Previous studies have exerted much effort to understand the determinants of employee knowledge sharing. Employees might share their knowledge because of environment factors, individual characteristics and/or motivational factors [4]. Social exchange theory [5] is the core theoretical perspective used by previous studies. Based on the social exchange theory, previous studies have shown that employee tend to perform knowledge sharing when they perceive higher levels of organizational procedural justice [6,7], organizational support [8], trust [9] or positive leadership [10]. In addition, if companies offer a positive and friendly working environment for their employees, it could promote employees’ knowledge sharing. Basically, managers could make a better knowledge-sharing environment through a human resource management system [11,12], positive organization climate [13] or job design [14]. Furthermore, in recent years, scholars have started to discuss factors that might decrease employees’ level of knowledge sharing, such as abusive supervision [15,16]. In sum, previous studies have provided abundant findings regarding the antecedents of knowledge sharing.
However, three shortcomings still seem to exist in the extant literature. First, previous studies usually hypothesize that knowledge sharing is not a kind of activity that employees tend to perform actively. Employees might face a social dilemma when they think about sharing knowledge [17,18] because once employees share their knowledge with others, their knowledge might become a public good. According to social exchange theory, individuals are not prone to engage in knowledge sharing unless they perceive gaining positive benefits from organizations such as organizational support or positive leadership [8,10]. Thus, knowledge sharing is often considered as a passive action by previous studies. Second, most of the knowledge sharing research supposes that, since knowledge is power, engaging in knowledge sharing is likely to result in a loss of power [19,20]. Third, although an individual’s performance of knowledge sharing is supposed to be influenced by multi-level factors simultaneously, knowledge sharing research adopting a multilevel perspective is still in its initial stages [10].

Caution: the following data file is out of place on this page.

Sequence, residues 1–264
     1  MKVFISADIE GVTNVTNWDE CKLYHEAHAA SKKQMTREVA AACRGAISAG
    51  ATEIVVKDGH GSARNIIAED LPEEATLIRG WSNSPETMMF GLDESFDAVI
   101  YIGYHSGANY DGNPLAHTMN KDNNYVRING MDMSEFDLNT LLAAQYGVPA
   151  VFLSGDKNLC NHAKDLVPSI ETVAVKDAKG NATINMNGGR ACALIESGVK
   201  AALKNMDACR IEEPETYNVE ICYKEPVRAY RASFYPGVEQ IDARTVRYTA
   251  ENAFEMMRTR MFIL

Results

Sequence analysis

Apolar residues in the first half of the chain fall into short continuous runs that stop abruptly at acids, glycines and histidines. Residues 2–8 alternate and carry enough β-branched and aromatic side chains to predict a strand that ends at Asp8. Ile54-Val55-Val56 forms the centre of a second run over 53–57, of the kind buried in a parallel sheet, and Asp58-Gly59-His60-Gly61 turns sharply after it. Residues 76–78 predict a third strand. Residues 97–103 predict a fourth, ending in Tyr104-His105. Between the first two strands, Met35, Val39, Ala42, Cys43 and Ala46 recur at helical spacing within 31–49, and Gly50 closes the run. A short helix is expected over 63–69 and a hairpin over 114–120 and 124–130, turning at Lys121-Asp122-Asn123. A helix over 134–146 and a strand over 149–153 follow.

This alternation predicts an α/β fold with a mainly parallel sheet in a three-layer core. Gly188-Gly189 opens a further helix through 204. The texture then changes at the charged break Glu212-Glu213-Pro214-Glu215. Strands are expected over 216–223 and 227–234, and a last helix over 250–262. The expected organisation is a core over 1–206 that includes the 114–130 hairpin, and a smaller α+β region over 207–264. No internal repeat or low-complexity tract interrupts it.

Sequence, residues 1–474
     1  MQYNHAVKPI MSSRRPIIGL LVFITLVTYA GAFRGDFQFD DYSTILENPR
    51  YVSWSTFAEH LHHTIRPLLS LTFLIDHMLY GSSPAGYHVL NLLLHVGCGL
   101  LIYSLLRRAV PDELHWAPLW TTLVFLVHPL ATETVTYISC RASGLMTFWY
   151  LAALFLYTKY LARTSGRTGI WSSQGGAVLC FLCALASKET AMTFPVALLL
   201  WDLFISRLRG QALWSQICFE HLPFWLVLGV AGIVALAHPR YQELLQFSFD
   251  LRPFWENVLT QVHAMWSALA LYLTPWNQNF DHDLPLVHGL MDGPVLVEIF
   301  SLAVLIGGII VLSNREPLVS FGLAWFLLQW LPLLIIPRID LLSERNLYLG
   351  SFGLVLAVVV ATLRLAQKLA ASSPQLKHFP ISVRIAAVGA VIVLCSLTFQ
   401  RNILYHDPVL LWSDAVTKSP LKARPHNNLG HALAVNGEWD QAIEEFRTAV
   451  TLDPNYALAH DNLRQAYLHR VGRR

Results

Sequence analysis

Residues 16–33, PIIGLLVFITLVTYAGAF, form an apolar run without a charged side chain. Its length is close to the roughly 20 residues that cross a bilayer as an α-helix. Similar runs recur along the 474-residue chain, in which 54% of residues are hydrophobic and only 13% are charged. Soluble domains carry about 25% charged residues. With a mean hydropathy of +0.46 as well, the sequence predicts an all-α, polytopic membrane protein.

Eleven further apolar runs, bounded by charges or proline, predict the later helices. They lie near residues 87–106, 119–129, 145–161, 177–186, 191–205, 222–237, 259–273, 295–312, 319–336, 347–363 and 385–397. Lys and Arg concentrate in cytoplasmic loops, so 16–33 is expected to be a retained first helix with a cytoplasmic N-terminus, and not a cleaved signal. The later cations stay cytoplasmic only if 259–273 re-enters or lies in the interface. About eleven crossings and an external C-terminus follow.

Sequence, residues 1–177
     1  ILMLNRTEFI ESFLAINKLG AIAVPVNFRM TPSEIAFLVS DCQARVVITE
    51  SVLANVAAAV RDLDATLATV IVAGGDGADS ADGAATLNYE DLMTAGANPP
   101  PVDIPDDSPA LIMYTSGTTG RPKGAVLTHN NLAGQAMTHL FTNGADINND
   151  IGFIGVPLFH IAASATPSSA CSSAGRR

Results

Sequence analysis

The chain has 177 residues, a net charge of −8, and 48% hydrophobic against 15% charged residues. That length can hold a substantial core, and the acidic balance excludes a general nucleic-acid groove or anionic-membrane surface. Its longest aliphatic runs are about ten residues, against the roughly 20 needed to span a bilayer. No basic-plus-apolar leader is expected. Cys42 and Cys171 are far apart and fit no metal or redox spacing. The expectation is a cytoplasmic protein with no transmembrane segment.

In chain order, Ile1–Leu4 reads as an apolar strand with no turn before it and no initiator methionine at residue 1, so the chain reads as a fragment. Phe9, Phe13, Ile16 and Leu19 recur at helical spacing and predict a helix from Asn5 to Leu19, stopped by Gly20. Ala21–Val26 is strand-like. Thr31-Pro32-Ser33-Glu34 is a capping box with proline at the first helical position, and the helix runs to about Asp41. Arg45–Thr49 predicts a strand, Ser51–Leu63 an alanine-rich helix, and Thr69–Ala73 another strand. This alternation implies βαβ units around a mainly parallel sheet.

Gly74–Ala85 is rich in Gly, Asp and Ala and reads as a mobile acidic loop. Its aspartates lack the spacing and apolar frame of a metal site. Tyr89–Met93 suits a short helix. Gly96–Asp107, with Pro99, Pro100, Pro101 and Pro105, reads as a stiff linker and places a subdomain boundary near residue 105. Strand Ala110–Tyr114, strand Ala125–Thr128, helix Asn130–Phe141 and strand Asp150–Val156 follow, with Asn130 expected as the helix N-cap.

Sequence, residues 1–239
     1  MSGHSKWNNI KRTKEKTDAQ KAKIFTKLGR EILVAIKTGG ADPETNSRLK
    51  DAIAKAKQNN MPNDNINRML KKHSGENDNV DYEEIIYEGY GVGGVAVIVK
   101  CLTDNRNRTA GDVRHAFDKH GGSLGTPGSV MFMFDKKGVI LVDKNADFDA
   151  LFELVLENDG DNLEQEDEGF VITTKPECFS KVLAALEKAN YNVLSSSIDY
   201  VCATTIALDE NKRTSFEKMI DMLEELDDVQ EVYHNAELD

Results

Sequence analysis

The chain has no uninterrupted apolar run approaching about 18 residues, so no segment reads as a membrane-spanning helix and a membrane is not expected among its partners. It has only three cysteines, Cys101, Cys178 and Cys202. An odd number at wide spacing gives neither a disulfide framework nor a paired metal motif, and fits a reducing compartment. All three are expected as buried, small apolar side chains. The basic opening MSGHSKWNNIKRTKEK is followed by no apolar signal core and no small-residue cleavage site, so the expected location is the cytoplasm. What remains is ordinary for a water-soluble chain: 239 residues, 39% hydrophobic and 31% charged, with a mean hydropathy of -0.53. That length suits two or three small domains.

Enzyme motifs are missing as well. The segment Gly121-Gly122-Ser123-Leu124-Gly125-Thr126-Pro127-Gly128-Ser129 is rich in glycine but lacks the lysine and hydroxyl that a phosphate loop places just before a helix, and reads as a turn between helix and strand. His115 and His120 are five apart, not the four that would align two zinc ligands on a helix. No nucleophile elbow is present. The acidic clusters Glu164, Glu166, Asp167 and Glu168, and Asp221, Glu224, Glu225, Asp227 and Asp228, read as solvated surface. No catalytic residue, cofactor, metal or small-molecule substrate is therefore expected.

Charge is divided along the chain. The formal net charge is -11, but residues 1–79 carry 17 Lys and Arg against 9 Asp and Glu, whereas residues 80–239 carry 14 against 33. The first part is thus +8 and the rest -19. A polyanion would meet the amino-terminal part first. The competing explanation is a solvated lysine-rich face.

In this study, we consider knowledge sharing from a different angle. If knowledge is power, then this means that knowledge is an important resource. Therefore, people ought to be keen to accumulate knowledge [15]. In fact, knowledge sharing is one means of accumulating knowledge; during the process of knowledge sharing, individuals have the chance to engage in mutual learning [21] and thereby gain more knowledge. As a result, this study posits that knowledge sharing can also be considered an active action and a means of gaining resources. More specifically, individuals might be intrinsically motivated to actively engage in knowledge sharing to accumulate an important resource, namely knowledge. However, we know little about the process and determinants that cause individuals to actively pursue knowledge sharing.
This study applies the conservation of resources (COR) theory to discuss why individuals actively perform knowledge sharing. The conservation of resources theory is a motivational theory according to which individuals strive to obtain, retain, foster, and protect valued resources [22,23]. The conservation of resources theory has been used to discuss resource loss over a long period of time [24,25]. Researchers in recent years have begun to consider it as an important perspective for understanding how people gain resources [26]. There are three reasons why this study uses the COR theory as the main theoretical lens. First, knowledge is an important resource and the COR theory is the primary theory used to discuss how individuals deal with resources [27]. Second, the COR theory proposes the “gain spiral of resources” concept [28], which is suitable for discussing how individuals use current resources to promote knowledge sharing. Third, the COR theory is a well-developed theory [27]. In applying this theoretical lens to knowledge sharing research, this study is able to obtain a new and insightful perspective on exploring the important determinants of knowledge sharing [15,16].